News / Own Your Life

3 minute read
6 Nov 2021
1:33 pm

Covid-19 vaccine hesitancy rife as fourth wave looms


'We are not yet out of trouble', Health Minister Phaahla said.

A Vaccine dose is drawn from a bottle during the Blue Bulls to Vaccinate For The Greater Good at Centurion Old Council Chambers. Photo: Gallo Images/Lefty Shivambu

Health Minister, Dr Joe Phaahla, urged people to take the Covid-19 vaccine ahead of the imminent fourth wave that could hit the country soon.

We are not oblivious to the fact that we are not yet out of trouble.

Phaahla was speaking during the 2021 Rotary Health Family Day outreach programme at Gomora Informal Settlement, in Pretoria West.

Vaccines only hope

The health minister said, “the virus is still in our midst and every day we record a number of infections, it is only that it is at the low level of transmission at this stage”.

He described the life-saving vaccines as the only hope of long-term success in eradicating Covid-19.  

“While we’re on the elimination of HIV/AIDS and Tuberculosis, now we’ve got a new pandemic, the Covid-19. At least in this regard unlike HIV, we do have various vaccines and we ask people to come forward to take these vaccines.”

‘Leave no one behind’

He dedicated the Rotary Health Family Day to ensuring that his department provides focused attention to people living with various disabilities and they receive comprehensive health services, including also vaccination against Covid-19.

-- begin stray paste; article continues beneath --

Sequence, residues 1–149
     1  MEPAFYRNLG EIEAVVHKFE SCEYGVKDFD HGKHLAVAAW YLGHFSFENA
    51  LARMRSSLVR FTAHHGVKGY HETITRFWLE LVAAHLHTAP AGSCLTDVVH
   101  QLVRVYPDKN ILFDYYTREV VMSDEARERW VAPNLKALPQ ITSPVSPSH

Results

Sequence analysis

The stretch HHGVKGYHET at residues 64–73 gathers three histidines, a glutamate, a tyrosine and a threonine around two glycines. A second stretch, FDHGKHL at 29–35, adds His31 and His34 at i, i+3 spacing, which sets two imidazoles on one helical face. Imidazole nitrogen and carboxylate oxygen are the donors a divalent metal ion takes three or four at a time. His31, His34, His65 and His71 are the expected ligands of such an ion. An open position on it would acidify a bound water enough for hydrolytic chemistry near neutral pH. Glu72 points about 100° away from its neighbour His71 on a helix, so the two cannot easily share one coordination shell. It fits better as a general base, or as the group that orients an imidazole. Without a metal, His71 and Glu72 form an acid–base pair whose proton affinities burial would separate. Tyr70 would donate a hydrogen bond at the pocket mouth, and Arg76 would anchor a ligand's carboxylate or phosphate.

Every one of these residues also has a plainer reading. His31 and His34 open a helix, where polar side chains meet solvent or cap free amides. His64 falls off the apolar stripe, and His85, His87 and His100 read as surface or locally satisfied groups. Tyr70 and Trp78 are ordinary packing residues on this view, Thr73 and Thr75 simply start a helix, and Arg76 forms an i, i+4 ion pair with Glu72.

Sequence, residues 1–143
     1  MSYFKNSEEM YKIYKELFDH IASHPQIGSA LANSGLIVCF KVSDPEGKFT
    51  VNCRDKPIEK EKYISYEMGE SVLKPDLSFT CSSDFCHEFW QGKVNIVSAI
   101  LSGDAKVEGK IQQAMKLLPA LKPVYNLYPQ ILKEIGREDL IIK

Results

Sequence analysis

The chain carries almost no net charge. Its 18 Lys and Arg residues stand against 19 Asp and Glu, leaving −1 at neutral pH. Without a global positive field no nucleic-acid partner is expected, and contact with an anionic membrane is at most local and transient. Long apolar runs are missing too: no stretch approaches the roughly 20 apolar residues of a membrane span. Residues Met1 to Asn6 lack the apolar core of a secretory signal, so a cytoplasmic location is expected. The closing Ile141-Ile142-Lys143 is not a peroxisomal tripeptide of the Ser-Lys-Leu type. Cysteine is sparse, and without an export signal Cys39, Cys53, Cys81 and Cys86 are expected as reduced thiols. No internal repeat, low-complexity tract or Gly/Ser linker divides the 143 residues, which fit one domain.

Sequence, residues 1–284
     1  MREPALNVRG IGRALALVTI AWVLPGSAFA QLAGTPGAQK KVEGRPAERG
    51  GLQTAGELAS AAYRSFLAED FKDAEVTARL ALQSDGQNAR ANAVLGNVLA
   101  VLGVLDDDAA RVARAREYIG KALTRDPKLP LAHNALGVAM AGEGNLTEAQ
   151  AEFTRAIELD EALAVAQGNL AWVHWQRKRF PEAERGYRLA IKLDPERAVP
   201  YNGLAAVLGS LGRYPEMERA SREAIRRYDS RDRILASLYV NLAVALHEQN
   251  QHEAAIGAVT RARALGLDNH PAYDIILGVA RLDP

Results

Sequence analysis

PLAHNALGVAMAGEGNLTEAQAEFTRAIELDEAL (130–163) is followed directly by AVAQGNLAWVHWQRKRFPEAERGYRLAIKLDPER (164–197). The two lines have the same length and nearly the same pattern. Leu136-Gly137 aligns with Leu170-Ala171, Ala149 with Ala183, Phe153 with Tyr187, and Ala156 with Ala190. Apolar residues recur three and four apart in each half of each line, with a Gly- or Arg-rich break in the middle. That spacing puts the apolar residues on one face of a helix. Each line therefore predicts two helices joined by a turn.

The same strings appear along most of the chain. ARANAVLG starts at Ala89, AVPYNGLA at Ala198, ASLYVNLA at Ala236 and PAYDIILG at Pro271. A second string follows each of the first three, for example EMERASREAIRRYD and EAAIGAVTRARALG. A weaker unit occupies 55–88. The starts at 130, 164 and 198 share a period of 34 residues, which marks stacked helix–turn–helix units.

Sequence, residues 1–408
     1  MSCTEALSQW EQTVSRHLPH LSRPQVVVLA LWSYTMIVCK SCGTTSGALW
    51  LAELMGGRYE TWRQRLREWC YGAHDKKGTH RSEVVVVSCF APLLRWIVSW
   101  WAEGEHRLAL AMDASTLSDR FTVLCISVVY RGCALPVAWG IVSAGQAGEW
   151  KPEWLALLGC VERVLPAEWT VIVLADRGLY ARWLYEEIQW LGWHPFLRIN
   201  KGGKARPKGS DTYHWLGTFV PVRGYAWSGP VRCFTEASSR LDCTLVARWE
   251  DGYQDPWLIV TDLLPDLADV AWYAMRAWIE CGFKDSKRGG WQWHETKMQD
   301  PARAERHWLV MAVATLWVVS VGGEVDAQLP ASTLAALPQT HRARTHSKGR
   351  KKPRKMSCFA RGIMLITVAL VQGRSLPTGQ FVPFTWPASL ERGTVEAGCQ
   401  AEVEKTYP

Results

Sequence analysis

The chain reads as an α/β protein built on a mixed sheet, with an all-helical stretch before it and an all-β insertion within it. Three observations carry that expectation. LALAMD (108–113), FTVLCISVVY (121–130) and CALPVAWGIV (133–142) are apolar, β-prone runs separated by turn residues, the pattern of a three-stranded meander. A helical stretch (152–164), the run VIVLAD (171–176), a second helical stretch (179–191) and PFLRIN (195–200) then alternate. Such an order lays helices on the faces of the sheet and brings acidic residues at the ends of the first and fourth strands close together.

“This is indeed making sure that no one is left behind,” he added.

He also paid tribute to President Cyril Ramaphosa who has been leading from the front and working around the clock to ensure that South Africans have access to the Covid-19 jabs.  

“Many other countries, especially low and middle-income countries, and especially in our continent are still struggling with access to vaccination.”

“We’re still speaking about less than 6% of people in the continent having had access to vaccination.”

Vaccine hesitancy

While South Africa has sufficient stock to inoculate citizens, Phaahla said government was still struggling to reach people.

However, the Minister believes that in the next few days, 40% of the country’s adult population would have received at least one dose of the jab if not fully vaccinated.

“Many of our colleagues in the SADC region are still struggling to access vaccines for their people. However, we are struggling to get the people to come to the vaccine. It’s embarrassing.”

Fourth wave fears

He said he hopes that government will be able to make the breakthrough and that more people will take the jab.

“We have all learned over the last 20 months that it is not over and that there is going to be another resurgence of the infection and therefore we must be ready and protect all our people.”

He said the fight against Covid-19 is in everyone’s hands.

“So, there is still a long way to go from the 70% of the adult population to be covered. Because to reach 70%, we need to reach at least 27 million South Africans.”

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Eliminating HIV and Aids

However, he believes that working with all their partners will help assist their drive to inoculation 40 million of the adult population by December. 

“We know is a tall order. But we believe working together; we can be able to reach that.”

In addition, the Minister recommitted that by the time the country reaches 2030, South Africa would have made inroads in eliminating HIV and AIDS.

“If not completely, but we’ll be very close to achieving this in the same way as we also want to eliminate tuberculosis,” he added.